My life changed radically for the better when I learned that a mountain of scientific research shows that my daily choices make the difference between wellness and disability in MS. Every day, every bite I eat, every decision I make, I think, “will this keep me healthy?” If ever I am tempted to make a “bad” decision, I ask, “French fries or a wheel chair?” I am motivated. I can easily unplug my temptation. I am empowered. My future is in my own hands.
But what about my past? I cannot help looking back at my life and asking: what did I do to trigger MS?
I revere T. Colin Campbell, Cornell University PhD, MIT graduate, and author of The China Study. He wrote (and I cannot re-read this quote too many times), “genetic predisposition may make a difference as to who gets MS, but even at best, genes can only account for about one-fourth of the total disease risk.” One of my favorite quotes is “nature loads the gun, and our choices pull the trigger.”
So, what did I do to pull the trigger? I have a really long list of random, unscientific theories to answer the question: why me? Just for fun, and perhaps to reveal a bit of how a chronic disease for which there is no “cure” plays with one’s mind, here is a fraction of my list:
- Until my late 30s, about 95% of my diet had zero nutritional value. Zip. To name a few favorites: Hostess fruit pies, Starbursts, Lucky Charms, Quarter Pounders with Cheese, Taco Bell Grandes, Diet Coke, and the list goes on. I never gained a pound and, in fact, was skeletal most of my life, so I truly did not see the problem. Shocker: I had bad zits all my earliest teen years. But a childhood dermatologist told me that acne was genetic and had nothing to do with the food I ate. With that “get out of jail free” card, my friends and I would ride our bikes to Taco Bell, eat several tacos (I loved the pooled grease, which I called the “special sauce”), cross the street to McDonald’s, and eat a full meal again. Yum. Those were good times.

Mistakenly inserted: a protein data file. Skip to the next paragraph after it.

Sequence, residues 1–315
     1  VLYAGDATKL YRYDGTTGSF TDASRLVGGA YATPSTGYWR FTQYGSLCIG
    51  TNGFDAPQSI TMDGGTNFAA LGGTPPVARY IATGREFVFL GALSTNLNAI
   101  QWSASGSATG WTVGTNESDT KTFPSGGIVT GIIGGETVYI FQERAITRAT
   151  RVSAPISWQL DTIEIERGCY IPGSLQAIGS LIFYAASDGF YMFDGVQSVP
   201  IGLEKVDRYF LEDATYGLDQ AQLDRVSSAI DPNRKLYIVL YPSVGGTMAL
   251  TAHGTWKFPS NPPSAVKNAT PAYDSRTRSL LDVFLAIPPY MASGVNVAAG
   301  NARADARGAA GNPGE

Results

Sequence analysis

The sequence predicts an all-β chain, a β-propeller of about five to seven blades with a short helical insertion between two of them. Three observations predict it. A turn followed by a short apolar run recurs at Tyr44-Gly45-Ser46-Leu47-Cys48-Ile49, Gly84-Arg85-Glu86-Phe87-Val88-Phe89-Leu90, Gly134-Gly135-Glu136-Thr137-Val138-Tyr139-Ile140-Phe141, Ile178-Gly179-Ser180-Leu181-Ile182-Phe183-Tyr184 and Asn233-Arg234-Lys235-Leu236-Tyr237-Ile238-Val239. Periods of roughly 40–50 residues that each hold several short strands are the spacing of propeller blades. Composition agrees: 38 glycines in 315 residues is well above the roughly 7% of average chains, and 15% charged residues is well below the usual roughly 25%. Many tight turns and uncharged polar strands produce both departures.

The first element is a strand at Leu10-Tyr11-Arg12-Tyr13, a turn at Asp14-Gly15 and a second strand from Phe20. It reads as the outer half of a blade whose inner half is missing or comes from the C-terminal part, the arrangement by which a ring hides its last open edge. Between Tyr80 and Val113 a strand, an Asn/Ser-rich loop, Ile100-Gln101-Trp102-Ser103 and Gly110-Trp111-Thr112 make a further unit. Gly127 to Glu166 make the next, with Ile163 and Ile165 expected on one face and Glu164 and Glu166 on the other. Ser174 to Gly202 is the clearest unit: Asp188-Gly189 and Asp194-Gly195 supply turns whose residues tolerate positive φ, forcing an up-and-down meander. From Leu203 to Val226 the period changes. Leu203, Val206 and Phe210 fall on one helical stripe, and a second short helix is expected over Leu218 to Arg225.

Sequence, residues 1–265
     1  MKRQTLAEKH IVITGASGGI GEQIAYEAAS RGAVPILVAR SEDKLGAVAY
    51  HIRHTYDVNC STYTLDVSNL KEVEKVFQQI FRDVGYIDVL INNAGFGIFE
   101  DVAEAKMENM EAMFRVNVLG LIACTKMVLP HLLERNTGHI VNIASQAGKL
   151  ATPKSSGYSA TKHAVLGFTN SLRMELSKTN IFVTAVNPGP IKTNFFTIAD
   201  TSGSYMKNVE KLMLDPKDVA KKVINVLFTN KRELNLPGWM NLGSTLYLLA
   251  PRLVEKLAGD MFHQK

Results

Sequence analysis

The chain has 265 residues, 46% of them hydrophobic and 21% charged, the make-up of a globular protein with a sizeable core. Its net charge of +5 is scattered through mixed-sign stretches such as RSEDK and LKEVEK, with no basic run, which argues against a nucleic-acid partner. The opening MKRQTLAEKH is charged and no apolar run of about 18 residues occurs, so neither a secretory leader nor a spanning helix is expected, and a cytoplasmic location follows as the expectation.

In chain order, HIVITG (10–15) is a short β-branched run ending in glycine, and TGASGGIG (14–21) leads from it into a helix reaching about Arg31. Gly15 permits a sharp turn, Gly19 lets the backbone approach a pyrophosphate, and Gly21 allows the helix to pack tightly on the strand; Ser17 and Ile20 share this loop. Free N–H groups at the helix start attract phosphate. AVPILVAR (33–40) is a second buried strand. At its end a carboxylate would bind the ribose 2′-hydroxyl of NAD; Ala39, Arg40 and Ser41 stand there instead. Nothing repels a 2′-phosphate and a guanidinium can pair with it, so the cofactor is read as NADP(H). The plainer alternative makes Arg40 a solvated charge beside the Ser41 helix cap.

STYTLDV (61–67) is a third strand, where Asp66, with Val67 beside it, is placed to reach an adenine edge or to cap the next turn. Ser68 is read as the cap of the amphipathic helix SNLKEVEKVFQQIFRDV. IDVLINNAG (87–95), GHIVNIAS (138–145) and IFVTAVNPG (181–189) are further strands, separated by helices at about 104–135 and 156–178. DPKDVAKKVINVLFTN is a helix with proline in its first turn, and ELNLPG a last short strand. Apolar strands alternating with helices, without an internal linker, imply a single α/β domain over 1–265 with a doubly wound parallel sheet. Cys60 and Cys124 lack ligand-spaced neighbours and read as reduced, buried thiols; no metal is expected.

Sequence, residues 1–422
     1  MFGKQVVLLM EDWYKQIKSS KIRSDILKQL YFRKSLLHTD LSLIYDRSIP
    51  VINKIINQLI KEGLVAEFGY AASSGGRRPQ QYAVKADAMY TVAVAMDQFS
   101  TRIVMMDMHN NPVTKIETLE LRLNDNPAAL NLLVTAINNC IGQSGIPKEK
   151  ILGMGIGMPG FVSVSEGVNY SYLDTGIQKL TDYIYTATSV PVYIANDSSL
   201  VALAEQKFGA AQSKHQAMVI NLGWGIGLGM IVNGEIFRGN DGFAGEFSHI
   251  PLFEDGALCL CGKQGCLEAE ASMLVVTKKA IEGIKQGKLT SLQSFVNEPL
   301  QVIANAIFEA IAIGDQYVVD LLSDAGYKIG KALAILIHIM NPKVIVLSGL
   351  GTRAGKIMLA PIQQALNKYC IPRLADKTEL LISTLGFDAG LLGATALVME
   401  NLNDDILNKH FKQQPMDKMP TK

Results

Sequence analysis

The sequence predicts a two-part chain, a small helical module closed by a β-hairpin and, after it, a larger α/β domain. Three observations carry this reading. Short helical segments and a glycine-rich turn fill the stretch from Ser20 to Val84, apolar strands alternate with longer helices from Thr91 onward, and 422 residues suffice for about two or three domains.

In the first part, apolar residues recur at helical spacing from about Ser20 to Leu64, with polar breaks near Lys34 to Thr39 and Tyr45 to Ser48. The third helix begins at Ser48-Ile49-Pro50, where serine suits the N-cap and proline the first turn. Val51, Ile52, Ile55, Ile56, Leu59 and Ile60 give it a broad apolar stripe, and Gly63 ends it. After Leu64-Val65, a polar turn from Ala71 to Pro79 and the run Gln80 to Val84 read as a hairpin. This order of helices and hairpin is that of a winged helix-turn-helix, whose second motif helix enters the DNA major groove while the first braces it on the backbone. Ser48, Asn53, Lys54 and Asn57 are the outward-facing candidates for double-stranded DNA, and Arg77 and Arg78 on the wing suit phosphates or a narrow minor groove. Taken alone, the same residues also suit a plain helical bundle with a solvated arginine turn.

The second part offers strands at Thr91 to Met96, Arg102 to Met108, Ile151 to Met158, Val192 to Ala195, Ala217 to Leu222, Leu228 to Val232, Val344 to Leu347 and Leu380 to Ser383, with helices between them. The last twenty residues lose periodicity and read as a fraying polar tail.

- From my freshman year in college through my 20s, I drank heavily and smoked cigarettes not infrequently. By heavily, I mean…very heavily…3-4 times per week, I was happily drunk. While the sun was shining, 7 days per week, I worked very hard and advanced swiftly in my career. I earned a Masters degree. In other words, I was a productive human. When I met my husband, I got serious about my future, and now alcohol just makes me feel bad, which is a blessing. I drink a glass of wine maybe once per month, and I usually regret it when I do. Recently, I reconnected on Facebook with a college drinking buddy with whom I had lost touch. He told me that he has “TBI,” traumatic brain injury, from years of drinking heavily. What did all that drinking do to my brain?
- And about that Diet Coke: every day for more than a decade, I drank at least one bottle. I couldn’t focus on anything without it, and after the initial high, I couldn’t focus again. Giving it up felt like the ordeal I hear when people try to stop smoking. I really loved Diet Coke.
Those first theories are comfortable for me. I made bad choices, which might have triggered MS.
Another theory is much less comfortable because it sounds like I am blaming others, though I absolutely am not. In fact, the outcome of this story is that I learned some of the most powerful lessons of my entire life.